We also study the interactive effects of management, wildfire and climate warming on the early development of conifer and broadleaved forest stands, and how these interactions impact the biotic and abiotic environment in the vicinity of the tree seedling.

Research leader:

Marie-Charlotte Nilsson Hegethorn

Marie-Charlotte Nilsson Hegethorn, professor



Forest Soils

Forest soils encompasses several subdisciplines; in our case especially plant-soil relations, geochemistry and pedology. A major focal area is interactions among soils, microbes and plants, and their implications for forest nutrition management, long-term productivity and the carbon balance. 

Another major focal area is the biogeochemistry of mercury in soils, especially the effects of forest activities and restoration of wetlands. Our studies are based on detailed analysis in the laboratory, e.g. involving X-ray absorption spectroscopy to reveal the chemical speciation and linkage between mercury, sulfur and iron geochemistry, and very intensive pulse-chase isotope labelling experiments to study the cycles of nitrogen and carbon directly in the field. 

Research leaders:

Peter Högberg

Peter Högberg, professor

Porträtt på Ulf Skyllberg

Ulf Skyllberg, professor

Forest Vegetation Ecology

Our research aims to integrate these themes as much as possible, to provide an understanding of how forest community structure interacts with ecosystem processes.  We aim for our research to contribute to solving issues important to society, including preservation of biodiversity and ecosystem functioning, forest resilience in response to climate change, and sustainable use of forest resources.   

Research leader:

Field work

Michael Gundale, professor


Silviculture includes silvicultural systems and forest management operations, with focus on the boreal and tropical region.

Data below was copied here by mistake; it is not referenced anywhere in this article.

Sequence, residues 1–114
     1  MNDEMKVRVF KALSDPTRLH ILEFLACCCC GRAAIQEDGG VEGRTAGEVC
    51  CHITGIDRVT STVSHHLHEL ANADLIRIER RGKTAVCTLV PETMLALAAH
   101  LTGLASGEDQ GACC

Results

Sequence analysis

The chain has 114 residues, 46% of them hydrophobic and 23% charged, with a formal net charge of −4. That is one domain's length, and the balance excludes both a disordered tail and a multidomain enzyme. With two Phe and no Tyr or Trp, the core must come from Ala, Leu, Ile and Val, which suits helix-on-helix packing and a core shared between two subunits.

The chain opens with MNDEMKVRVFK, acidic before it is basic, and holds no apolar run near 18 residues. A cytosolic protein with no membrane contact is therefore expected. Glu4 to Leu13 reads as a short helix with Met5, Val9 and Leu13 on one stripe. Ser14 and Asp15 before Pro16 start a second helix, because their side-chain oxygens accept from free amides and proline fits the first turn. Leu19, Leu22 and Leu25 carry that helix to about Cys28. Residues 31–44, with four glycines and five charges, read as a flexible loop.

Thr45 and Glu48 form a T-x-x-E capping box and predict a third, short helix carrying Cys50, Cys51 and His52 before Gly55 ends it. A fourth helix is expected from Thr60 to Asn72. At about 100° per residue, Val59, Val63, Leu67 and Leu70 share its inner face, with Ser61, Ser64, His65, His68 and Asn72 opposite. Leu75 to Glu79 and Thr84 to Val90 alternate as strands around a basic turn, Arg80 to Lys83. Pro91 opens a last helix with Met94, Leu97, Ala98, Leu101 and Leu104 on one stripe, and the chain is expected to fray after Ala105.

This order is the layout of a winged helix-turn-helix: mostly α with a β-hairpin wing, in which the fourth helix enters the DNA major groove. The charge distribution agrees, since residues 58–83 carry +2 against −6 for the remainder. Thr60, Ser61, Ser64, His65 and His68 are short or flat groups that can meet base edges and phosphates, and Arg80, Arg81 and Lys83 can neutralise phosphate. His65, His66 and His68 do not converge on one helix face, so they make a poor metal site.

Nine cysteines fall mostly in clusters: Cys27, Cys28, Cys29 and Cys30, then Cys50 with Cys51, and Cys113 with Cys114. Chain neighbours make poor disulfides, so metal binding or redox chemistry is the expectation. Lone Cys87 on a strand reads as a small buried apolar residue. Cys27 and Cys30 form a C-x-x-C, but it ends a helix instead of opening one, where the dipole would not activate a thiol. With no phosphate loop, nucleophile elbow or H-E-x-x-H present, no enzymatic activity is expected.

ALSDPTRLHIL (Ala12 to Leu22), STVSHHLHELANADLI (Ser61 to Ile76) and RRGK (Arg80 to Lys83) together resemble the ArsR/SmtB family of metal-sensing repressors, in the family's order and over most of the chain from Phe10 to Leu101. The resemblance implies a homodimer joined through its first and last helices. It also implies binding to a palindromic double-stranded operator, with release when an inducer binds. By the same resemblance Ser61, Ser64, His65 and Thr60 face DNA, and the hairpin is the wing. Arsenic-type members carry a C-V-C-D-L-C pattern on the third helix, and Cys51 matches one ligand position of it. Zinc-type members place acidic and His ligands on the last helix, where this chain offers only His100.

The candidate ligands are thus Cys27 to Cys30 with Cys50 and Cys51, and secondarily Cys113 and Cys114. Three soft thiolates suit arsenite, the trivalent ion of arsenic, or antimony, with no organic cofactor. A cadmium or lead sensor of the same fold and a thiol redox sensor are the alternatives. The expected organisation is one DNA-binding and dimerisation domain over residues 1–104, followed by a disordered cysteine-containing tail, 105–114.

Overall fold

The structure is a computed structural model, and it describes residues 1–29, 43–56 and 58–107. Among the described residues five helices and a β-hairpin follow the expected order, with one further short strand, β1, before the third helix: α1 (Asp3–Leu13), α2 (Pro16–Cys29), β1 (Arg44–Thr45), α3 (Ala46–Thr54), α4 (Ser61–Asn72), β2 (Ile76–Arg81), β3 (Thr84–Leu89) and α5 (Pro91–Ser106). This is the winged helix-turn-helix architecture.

The aim of silvicultural research is to evaluate the effects of forestry practices, like regeneration, pre-commercial thinning, thinning, fertilization, and felling, on the future development of forests. The research is based on long-term field experiments, survey-studies, laboratory experiments, and simulations. The department is responsible for the development of knowledge for forming silvicultural practices and systems, which enable a sustainable use of the forest resource. The topic is central to the department's education, at both undergraduate and graduate level.

Research group leaders:

Porträtt på Gustaf Egnell

Gustaf Egnell, professor

Porträtt på Ulrik Ilstedt

Ulrik Ilstedt, professor

Published: 16 May 2024 - Page editor: tejshree.tiwari@slu.se

Department of Forest Ecology and Management 

Head of department Hjalmar Laudon, +46-70-560 6625 
Deputy Head of department, premises & security Mats Öquist, +46-90-786 8525
Deputy Head of department, undergraduate studies Gustaf Egnell +46-90-786 8455
Deputy Head of department, post graduate studies Maja Sundqvist, +46-90-786 8273
Deputy Head of department, equal opportunities Kelley Gundale, +46-90-786 8444
Deputy Head of department, young researchers Lars Östlund, +46-90-786 8442 
Postal address: SLU, Skogens ekologi och skötsel, 901 83 Umeå, Sweden.
Visiting address: Skogsmarksgränd 17, Umeå

Internal workspace for the department